Perhaps foremost we, his colleagues and students, will remember Allan for his humanity. For his puns, for his beloved dog Sugar, for his compassion in the face of our problems, for the love of his family, for his demand that we critically confront the forces in our world that generate inequality and degrade our environment.
Allan with Wendy Espeland, 2004
Bruce Carruthers, Department Chair, 2004-2006
I was Allan's colleague from 1990, when I was hired as an assistant professor, until the time of his retirement. Among my many remembrances of him, three in particular come to mind at this sad time. In faculty meetings, Allan was the source of many outrageous puns. They ranged in quality from terrible to brilliant, but they were always outrageous and he supplied them with dependable regularity. Second, as a fellow Canadian Allan helped to satisfy my occasional need to express sadness, concern or elation over whatever developments were unfolding in Canadian politics and society. We usually managed to have these Canadian-centric conversations in the hallway, or while picking up our mail, in a somewhat conspiratorial fashion. And finally, both before and after his retirement I used to see Allan at SPAC. He was there to swim and I to exercise, but we would occasionally see each other in the locker room or at the building entrance. He always asked about how my children were doing, he might have a question or comment on some departmental issue, inquire about a grad student, and (after retiring) he caught me up on how he was doing or what he was working on. Alas, these long, civil, and intermittent conversations have come to an end.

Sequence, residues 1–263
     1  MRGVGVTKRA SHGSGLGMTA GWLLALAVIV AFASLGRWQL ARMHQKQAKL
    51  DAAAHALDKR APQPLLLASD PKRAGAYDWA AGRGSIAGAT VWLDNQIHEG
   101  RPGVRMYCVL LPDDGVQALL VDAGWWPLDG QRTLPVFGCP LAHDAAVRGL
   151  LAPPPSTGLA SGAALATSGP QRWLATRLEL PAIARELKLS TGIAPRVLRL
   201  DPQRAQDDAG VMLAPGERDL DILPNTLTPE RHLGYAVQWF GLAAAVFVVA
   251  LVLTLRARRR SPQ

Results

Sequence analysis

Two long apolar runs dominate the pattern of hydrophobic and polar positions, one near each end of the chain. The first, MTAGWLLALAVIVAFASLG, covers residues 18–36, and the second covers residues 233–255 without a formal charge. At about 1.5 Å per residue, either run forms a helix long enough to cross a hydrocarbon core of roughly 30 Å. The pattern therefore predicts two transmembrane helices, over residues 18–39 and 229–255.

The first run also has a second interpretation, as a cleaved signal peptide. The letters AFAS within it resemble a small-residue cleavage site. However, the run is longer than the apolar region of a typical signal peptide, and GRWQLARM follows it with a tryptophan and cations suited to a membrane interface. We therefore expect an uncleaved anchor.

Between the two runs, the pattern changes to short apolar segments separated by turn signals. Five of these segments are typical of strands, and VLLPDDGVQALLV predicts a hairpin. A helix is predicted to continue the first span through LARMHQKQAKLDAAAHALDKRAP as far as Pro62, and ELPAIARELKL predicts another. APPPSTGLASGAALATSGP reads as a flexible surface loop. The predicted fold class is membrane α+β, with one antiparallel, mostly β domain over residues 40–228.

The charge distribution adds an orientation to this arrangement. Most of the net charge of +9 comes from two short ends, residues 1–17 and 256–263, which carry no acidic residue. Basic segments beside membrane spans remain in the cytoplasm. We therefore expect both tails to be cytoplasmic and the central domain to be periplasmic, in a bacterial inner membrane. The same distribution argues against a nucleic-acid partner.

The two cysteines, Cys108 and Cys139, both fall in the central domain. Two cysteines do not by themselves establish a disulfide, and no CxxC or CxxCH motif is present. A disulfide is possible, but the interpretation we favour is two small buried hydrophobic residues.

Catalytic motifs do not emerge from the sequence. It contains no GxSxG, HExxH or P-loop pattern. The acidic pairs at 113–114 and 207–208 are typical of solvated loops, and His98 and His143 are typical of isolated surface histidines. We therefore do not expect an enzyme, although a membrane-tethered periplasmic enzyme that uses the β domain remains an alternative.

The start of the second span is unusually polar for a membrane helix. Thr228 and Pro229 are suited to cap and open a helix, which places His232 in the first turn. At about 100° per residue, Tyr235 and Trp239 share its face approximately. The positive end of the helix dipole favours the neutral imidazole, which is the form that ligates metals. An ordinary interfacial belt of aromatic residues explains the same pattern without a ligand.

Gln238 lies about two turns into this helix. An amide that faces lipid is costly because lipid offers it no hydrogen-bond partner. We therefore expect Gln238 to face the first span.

Allan with sociology majors, 2006
Albert Hunter, Professor of Sociology
My first memory of Allan Schnaiberg was more than three decades ago. A small group of 3 or 4 faculty members sat around informally after my job talk and I noticed this excited, enthusiastic, smiling and head-bobbing red-haired Canadian communicating his interest, approval, and encouragement. How could I resist not joining him and his colleagues? And, because of our first names, we would establish the tradition of having at least three "Al's" in the department at any given time.
The decades have passed like days, books and articles have been published, the faculty have come and gone, the courses have been taught, and waves of students both undergraduate and graduate have washed over the threshold of Allan's office. I believe that Allan fully understood and appreciated that the "intimations of immortality" that academics vainly search for in their publications and ideas could not match the enduring personal influence in the lives he directly touched, and he had the wisdom to combine these to the benefit of others.